As Curbed and EVGrieve recently pointed out, the renderings for a new building to be constructed on the long-empty lot between 13th and 14th Streets near 3rd Avenue were released the other day. The 83-unit residential building will include “private rooftop cabana terraces,” a residents’ library, fitness center, lounges, and a rooftop terrace with an outdoor kitchen.
While these new renderings take some mystery out of the future of this ‘Mystery Lot,’ we thought we would take a look at its past.
For much of the twentieth century, this piece of real estate with a small front along 14th Street and a large space along 13th Street housed a theater and offices.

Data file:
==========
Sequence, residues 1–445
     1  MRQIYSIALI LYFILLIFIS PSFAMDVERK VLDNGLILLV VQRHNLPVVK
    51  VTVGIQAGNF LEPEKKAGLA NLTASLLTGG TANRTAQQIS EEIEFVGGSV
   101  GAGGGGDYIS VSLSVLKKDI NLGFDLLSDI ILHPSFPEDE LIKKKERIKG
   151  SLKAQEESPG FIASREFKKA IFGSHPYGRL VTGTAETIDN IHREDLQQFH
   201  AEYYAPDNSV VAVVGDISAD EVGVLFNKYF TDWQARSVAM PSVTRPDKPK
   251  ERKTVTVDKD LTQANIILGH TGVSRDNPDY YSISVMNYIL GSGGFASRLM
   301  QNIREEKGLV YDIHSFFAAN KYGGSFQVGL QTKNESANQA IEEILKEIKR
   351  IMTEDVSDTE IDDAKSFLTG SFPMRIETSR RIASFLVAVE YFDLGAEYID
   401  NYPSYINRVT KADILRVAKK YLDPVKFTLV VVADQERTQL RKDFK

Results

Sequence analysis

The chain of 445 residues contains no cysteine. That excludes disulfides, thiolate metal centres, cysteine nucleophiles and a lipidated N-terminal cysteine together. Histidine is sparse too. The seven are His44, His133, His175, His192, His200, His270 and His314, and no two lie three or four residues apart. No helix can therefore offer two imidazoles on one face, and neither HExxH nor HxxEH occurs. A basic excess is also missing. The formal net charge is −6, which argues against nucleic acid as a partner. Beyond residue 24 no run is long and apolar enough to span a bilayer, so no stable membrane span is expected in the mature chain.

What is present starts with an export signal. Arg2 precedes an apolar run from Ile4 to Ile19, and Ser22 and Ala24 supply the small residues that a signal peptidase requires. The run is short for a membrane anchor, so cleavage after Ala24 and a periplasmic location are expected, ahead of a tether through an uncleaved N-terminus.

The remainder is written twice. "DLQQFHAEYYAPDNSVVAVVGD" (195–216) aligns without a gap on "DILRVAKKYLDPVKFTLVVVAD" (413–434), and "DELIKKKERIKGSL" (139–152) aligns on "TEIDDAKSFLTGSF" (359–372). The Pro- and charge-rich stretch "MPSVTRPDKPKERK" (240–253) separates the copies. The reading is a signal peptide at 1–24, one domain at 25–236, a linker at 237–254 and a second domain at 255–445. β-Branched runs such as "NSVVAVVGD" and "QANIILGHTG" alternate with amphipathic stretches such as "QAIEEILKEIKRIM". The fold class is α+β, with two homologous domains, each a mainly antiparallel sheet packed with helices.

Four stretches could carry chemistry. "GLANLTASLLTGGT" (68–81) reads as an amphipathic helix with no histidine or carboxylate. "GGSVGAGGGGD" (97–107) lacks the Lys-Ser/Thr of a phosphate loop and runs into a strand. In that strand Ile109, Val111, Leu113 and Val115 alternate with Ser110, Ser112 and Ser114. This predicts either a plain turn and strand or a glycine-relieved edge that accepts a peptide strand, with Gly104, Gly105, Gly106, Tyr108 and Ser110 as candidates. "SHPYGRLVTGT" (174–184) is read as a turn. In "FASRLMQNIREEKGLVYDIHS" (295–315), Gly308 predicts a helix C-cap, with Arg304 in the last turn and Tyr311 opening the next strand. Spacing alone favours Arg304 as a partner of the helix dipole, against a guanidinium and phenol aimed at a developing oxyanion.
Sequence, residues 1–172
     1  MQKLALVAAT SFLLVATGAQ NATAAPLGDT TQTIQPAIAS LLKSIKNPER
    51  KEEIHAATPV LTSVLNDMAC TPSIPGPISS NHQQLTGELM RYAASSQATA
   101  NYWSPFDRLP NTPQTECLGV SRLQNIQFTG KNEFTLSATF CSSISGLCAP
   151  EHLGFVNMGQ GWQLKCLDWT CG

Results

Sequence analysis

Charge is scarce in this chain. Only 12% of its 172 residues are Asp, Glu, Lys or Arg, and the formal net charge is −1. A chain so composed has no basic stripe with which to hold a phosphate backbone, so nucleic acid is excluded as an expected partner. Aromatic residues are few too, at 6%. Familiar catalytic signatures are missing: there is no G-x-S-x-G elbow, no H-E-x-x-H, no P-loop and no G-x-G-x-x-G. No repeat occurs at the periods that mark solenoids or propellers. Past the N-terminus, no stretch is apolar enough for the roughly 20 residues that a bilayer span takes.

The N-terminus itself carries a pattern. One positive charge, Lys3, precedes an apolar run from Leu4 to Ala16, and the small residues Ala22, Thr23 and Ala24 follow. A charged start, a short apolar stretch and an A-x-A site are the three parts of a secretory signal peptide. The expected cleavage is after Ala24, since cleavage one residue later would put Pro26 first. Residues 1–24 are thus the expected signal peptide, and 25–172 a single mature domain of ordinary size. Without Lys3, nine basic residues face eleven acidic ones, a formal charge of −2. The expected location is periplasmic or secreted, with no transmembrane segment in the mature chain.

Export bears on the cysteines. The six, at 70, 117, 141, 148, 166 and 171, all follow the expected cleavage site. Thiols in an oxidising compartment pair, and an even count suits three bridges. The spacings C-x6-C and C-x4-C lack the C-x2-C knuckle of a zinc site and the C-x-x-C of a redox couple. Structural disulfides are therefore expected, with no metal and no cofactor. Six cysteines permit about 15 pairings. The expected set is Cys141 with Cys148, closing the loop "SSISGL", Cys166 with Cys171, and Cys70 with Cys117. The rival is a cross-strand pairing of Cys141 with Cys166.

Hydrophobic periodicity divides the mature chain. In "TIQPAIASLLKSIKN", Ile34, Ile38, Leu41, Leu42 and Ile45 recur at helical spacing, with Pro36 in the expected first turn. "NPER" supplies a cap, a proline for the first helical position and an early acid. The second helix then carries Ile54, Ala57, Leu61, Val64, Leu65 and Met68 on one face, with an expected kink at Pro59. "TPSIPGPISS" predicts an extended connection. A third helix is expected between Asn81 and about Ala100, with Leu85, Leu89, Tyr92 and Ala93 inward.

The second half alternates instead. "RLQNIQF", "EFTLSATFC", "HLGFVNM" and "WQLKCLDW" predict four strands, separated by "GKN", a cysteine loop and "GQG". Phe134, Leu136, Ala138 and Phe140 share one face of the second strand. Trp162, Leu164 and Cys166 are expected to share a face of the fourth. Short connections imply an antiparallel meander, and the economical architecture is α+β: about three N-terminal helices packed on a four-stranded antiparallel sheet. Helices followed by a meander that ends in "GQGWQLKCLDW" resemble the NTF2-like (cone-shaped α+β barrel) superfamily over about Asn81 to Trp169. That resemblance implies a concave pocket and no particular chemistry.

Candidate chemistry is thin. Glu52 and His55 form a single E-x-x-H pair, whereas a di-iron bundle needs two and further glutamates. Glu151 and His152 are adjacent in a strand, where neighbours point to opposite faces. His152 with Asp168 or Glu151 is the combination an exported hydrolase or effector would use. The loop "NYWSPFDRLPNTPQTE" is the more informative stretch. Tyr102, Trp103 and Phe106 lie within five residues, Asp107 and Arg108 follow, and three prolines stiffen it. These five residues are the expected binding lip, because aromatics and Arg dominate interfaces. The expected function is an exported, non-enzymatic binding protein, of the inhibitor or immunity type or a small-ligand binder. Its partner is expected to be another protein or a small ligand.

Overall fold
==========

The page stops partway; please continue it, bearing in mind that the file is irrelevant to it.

Erected in 1912 and opened in 1913 as the B.F. Keith’s vaudeville theater, the building was designed by George Keister. Keister’s other New York works include the Astor, Belasco, Earl Carroll, and Selwyn theatres.
The narrow theater entrance at 214 East 14th Street was nestled between two tenements with the bulk of the building (the theater’s auditorium) located on 13th Street side of the property. As vaudeville died out and film became popular, the theater was re-branded as the RKO Jefferson Theatre. The Jefferson operated into the late 1970s as a theater, when it was closed for good. It stood empty for decades and was finally demolished in 2000, creating the empty lot many East Villagers are familiar with today. See below for some photos of the theater in its prime: